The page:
Specters of Liberation: Great Refusals in the New World Order

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SUNY Press, 19.03.1998 - 360 Seiten
Specters of Liberation argues that dissent against the New World Order is possible through a collaboration of critical postmodern social theory and existential philosophy. It integrates those Western, Eastern European, and postcolonial approaches to democratic theory that provide the best alternatives to today's nationalist and racial conflicts and offer the best prospects for a free world. Rigorously argued and written in an impassioned voice, it examines multidimensional specters of liberation and resources for democratic change after 1989. Inspired by the persistence of the Marcusean Great Refusal, Matustik takes up a wide variety of issues, ranging from the encounter between critical social theory and existential philosophy found in the works of Herbert Marcuse to the contributions of Czech existential phenomenology to democratic theory, with attention to the works of Havel.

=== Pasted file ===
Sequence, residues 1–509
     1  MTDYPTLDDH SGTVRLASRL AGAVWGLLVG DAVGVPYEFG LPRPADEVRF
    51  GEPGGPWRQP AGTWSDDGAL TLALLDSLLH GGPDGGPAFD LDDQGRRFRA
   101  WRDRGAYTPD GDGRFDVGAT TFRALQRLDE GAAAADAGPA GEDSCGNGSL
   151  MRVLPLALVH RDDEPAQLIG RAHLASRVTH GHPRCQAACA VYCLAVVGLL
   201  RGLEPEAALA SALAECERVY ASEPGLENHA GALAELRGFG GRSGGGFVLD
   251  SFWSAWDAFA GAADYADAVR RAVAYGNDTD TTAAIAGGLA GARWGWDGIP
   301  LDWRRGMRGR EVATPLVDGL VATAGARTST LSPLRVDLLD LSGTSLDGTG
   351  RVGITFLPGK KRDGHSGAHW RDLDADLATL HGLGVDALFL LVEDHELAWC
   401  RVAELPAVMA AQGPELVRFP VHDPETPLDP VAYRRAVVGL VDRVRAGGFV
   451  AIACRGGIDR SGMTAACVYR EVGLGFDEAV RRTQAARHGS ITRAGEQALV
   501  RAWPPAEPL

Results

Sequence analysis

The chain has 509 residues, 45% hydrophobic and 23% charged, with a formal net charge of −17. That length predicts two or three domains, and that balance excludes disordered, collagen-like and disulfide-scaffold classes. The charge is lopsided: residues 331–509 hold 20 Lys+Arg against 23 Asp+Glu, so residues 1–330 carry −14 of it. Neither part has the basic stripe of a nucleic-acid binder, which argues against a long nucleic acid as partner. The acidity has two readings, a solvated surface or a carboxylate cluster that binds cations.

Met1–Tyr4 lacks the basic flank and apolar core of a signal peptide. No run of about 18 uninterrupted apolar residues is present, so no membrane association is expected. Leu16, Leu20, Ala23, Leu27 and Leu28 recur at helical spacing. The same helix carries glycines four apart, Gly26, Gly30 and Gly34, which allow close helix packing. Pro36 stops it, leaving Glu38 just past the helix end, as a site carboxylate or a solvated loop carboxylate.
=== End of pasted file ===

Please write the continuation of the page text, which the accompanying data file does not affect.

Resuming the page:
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Ausgewählte Seiten

Inhalt

The Need for Recognition
1
Dissenting Individuals
25
Multicultural Enlightenment
49
Specters of Deconstruction and Critical Theory
65
Hope and Refusal
97
Communities in Resistance
127
Clowning and Refusal
165
Ski Masks and Velvet Faces
197
Radical Multicultural and Existential Democracy
227
Notes
267
Works Cited
313
Index
345
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Über den Autor (1998)

Martin J. Beck Matustik is Associate Professor of Philosophy at Purdue University. He is the author of Postnational Identity: Critical Theory and Existential Philosophy in Habermas, Kierkegaard, and Havel, and coeditor, with Merold Westphal, of Kierkegaard in Post/Modernity. Matustik left Prague for political reasons in 1977, and after eight months in an Austrian refugee camp immigrated to the United States. As a Fulbright Fellow in Germany, he studied with Jurgen Habermas during revolutionary events of 1989-1991.

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